The Mentoring Fellowship program is intended to assist graduate programs at The University of Texas at Austin in recruiting outstanding new graduate students that add to the diversity of their program and the campus. Mentoring Fellowships are reserved for students who are U.S. citizens (or permanent residents) who are entering graduate school at the university for the first time.
Other goals of the fellowship include:
- Support of students who might otherwise find it difficult to pursue graduate study;
- A mentoring plan between a faculty member in the program and the student who is recruited.
Mentoring awards for the AY2021/2022 have been allocated to the Colleges and Schools, so please contact your Dean’s office to determine if a mentoring fellowship award is available for your program and for nomination details.
Nominations should normally demonstrate:
- The outstanding academic credentials of the student;
- The manner in which the student will contribute to the diverse educational environment of the program; and
- Commitment by program to provide a mentoring plan for the student and explanation of how a faculty member(s) will be identified to mentor the student.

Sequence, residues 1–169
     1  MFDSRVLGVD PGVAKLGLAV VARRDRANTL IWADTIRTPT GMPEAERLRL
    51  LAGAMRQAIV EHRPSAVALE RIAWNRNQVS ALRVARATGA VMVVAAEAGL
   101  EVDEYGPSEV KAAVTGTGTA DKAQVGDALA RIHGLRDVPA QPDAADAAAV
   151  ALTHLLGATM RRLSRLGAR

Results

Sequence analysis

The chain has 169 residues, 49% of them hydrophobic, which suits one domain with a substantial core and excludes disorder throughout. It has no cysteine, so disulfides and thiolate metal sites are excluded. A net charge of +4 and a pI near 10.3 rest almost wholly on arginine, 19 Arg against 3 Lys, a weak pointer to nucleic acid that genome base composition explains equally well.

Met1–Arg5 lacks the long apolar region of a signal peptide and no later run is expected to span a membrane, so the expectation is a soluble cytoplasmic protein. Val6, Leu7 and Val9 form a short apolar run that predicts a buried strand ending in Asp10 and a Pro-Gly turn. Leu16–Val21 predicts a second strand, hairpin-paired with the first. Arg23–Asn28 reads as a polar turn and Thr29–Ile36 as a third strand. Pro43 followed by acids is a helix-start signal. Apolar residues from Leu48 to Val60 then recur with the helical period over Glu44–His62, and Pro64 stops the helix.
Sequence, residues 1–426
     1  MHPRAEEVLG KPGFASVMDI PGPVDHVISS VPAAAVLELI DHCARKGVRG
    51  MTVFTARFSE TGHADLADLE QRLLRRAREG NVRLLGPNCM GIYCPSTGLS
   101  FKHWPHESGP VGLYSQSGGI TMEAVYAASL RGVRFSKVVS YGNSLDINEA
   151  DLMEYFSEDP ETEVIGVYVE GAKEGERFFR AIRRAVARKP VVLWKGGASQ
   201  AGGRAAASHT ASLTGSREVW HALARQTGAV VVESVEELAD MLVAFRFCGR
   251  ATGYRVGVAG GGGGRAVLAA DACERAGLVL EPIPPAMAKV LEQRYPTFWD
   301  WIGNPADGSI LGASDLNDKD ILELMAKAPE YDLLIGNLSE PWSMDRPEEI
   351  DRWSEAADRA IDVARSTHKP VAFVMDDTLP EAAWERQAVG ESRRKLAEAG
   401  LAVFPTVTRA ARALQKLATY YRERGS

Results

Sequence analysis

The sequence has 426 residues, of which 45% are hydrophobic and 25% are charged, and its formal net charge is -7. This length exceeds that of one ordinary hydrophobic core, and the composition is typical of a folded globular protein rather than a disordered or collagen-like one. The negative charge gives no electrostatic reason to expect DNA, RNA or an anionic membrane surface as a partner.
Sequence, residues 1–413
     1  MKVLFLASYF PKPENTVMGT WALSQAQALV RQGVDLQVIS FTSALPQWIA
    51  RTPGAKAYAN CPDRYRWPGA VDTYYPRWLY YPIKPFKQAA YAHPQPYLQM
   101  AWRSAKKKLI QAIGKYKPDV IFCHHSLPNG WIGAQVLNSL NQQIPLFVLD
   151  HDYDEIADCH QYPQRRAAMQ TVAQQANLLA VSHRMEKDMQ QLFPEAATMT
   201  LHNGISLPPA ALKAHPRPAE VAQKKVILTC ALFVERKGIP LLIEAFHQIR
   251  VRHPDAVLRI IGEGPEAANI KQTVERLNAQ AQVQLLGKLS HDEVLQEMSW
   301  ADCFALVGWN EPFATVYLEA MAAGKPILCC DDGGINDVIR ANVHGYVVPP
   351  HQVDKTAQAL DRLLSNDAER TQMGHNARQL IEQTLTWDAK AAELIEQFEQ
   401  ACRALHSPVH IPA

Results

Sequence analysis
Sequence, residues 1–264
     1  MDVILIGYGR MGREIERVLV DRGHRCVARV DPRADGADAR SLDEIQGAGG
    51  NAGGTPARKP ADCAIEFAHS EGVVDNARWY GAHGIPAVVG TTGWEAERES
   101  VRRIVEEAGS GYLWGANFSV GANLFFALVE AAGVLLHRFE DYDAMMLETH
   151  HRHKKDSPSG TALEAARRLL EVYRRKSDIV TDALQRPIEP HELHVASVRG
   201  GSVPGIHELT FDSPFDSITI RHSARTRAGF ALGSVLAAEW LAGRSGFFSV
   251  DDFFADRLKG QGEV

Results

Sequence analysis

The entering student should be provided with experiences that will be developmental both for the student and to the field of study. Such experiences might include introduction to current literature; exposure to outstanding research problems; engagement in the laboratory and/or with data collection; attendance and/or presentation at seminars or professional meetings; and involvement in a current research project.
A Mentoring Fellow appointment should be carefully distinguished from a graduate research assistant (GRA) appointment. A GRA contracts for a specific number of hours of work each week. This is a fellowship where the training aspect of the appointment is central, not the performance of certain duties.
Mentoring Fellows receive a stipend of $30,000 for 12 months. In addition, the costs of tuition and student medical insurance expenses are paid. Students are expected to complete nine hours of coursework during each long semester and three hours during the summer.